From the first scene of Act 1—in which patrons gather in a theater to watch a play-within-the-play—it’s clear that Cyrano de Bergerac is a play about acting, appearances, and illusions. In the course of its five acts, Rostand offers some surprising ideas about the philosophy of appearances, which challenge and sometimes flatly contradict the cliché that “true beauty comes from within.”
Part of the conceit of Cyrano de Bergerac is that Christian de Neuvillette, in spite of his handsome face, is ill-equipped to woo the beautiful Roxane, because he’s not particularly bright: one could say that “deep down” he’s less attractive than his face would suggest. It’s only with the help of Cyrano de Bergerac, an ugly, big-nosed man with a sharp wit and a talent for eloquent turns of phrase, that Christian succeeds in wooing Roxane. Cyrano, secretly in love with Roxane himself, sends her letters in Christian’s name, and even speaks for Christian. By themselves, neither Christian nor Cyrano could woo Roxane—one is too ugly, and the other is too foolish. Only the combination of Christian’s face and Cyrano’s words can do the trick.
At times, Cyrano suggests that words and ideas are a better expression of one’s true nature than are physical appearances. Roxane’s love for Cyrano’s letters seems more “real” than her attraction to Christian’s face, because the former comes dressed in beautiful language, while the latter is only skin-deep. When Cyrano speaks to Roxane, pretending to be Christian, his voice is hesitant at first, but as his words become more passionate, his voice grows more comfortable. The overall impression is that Cyrano is expressing his real feelings for Roxane, displaying a wise and sensitive soul with which the shallow Christian could never compete.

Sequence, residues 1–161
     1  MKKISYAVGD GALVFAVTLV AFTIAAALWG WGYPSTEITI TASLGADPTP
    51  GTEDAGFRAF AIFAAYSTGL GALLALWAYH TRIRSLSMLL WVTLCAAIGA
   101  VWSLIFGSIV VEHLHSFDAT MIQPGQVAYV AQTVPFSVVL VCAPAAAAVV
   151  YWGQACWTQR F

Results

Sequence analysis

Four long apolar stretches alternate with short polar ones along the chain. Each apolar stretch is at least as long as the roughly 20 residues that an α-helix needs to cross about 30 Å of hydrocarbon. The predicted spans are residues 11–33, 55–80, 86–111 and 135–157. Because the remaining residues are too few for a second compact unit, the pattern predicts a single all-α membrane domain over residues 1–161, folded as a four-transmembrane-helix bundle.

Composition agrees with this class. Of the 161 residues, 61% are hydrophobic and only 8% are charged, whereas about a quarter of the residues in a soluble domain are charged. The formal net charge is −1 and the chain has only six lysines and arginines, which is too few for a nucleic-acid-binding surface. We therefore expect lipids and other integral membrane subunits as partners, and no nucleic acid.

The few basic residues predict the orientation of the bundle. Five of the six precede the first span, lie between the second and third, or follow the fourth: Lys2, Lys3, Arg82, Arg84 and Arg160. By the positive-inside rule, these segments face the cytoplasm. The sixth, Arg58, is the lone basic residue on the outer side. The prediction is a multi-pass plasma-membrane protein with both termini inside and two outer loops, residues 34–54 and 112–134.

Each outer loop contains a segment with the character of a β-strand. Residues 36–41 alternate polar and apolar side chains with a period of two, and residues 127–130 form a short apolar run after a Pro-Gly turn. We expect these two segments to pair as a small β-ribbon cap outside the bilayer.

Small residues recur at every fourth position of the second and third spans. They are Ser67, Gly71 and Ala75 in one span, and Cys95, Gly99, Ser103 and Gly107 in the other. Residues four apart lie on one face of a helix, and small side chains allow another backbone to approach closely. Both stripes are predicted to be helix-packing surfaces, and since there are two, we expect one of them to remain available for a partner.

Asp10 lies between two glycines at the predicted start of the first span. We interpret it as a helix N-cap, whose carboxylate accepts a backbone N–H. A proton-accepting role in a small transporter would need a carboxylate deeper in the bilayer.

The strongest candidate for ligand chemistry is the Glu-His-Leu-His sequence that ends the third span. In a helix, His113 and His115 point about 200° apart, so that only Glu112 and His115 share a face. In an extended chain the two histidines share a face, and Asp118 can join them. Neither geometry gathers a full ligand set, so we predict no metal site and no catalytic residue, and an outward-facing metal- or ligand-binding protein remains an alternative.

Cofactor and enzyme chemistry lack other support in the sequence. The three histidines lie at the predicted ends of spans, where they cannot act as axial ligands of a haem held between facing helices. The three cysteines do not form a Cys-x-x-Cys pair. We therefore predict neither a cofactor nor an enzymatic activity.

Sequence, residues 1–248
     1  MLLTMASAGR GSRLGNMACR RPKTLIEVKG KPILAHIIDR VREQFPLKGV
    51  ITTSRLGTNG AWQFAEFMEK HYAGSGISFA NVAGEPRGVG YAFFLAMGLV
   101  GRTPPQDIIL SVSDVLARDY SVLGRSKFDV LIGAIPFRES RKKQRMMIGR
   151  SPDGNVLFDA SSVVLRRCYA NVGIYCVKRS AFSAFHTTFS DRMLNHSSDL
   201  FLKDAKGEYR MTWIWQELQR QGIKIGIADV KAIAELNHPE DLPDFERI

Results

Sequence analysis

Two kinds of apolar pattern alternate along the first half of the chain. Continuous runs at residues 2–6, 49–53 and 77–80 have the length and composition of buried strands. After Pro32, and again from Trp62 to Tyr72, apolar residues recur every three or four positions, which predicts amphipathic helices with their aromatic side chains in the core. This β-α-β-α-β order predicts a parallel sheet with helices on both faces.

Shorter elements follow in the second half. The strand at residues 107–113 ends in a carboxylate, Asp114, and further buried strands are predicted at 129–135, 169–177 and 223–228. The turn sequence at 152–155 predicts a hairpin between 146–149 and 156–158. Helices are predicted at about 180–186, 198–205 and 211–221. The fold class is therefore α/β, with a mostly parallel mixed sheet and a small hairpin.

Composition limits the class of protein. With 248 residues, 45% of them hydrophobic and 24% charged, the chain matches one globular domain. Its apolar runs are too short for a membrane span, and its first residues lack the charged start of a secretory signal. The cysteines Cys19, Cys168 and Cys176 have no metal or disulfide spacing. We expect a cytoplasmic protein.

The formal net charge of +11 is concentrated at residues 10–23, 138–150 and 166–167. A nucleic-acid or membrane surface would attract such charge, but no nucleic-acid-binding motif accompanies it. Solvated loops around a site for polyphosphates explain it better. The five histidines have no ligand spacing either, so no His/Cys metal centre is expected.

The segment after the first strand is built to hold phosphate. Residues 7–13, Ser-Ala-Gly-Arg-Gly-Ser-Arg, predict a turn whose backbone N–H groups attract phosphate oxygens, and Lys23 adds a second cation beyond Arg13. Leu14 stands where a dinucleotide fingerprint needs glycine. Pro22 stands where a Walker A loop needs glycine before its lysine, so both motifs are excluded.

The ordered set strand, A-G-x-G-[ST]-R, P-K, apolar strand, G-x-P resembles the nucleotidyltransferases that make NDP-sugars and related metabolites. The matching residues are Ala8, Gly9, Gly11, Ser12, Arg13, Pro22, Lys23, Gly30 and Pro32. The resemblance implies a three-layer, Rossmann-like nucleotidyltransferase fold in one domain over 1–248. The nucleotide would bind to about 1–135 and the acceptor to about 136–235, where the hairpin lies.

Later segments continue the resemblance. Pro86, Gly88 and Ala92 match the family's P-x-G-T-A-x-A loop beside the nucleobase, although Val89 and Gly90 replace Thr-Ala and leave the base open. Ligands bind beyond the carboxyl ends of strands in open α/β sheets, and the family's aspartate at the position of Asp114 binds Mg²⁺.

And yet the play also implies that on a certain level, one’s words are no more “real” than one’s face. At other points in the play, Rostand makes it very clear than Cyrano’s words are another kind of performance. Cyrano uses poetry and witty insults to construct an image of himself as a proud, aggressive, and intimidating man. He even composes poetry while dueling with an enemy, the Viscount Valvert, in front of a big crowd of onlookers—a clear sign of the way he uses words and outward appearances as weapons. The inadequacy of language—the fact that words, even at their best, only “seem”—is clear during the course of Cyrano and Christian’s seduction of Roxane. Cyrano’s words can be manipulated and misattributed. As a result, Cyrano and Christian craft a third, fictitious human being—blessed with Christian’s face and Cyrano’s voice—who appears to exist, but doesn’t.
In the end, then, Cyrano sets up a problem that’s familiar to anyone who’s ever been involved in putting on a play: how can outward appearances, such as faces, mannerisms, gestures, words, and speeches, possibly convey who a person “truly” is? At times, it’s suggested that some outward appearances—like Cyrano’s letters and speeches—can convey a sense of a person’s true personality, their “inner life.” And yet Rostand also advances a more radical possibility: outward appearances are humans’ true personality. Nowhere is this clearer than in the final moments of the play, during which the dying Cyrano tells Roxane that his defining trait—the one thing that separates him from all other people—is his “panache”: i.e., his daring, his style, his appearance of energy. Like everyone else, Cyrano has an inner life, with his own secrets, hidden desires, etc. And yet his actions—that is, his many performances and appearances—are what truly define him.
Appearances and Identity ThemeTracker
Appearances and Identity Quotes in Cyrano De Bergerac
He's prouder than all the fierce Artabans of whom Gascony
has ever been and will ever be the prolific Alma Mater! Above his Toby ruff
he carries a nose!--ah, good my lords, what a nose is his! When one sees it
one is fain to cry aloud, 'Nay! 'tis too much! He plays a joke on us!' Then
one laughs, says 'He will anon take it off.' But no!--Monsieur de Bergerac
always keeps it on.
LIGNIERE (tasting his rivesalte in sips):
Magdalene Robin--Roxane, so called! A subtle wit--a precieuse.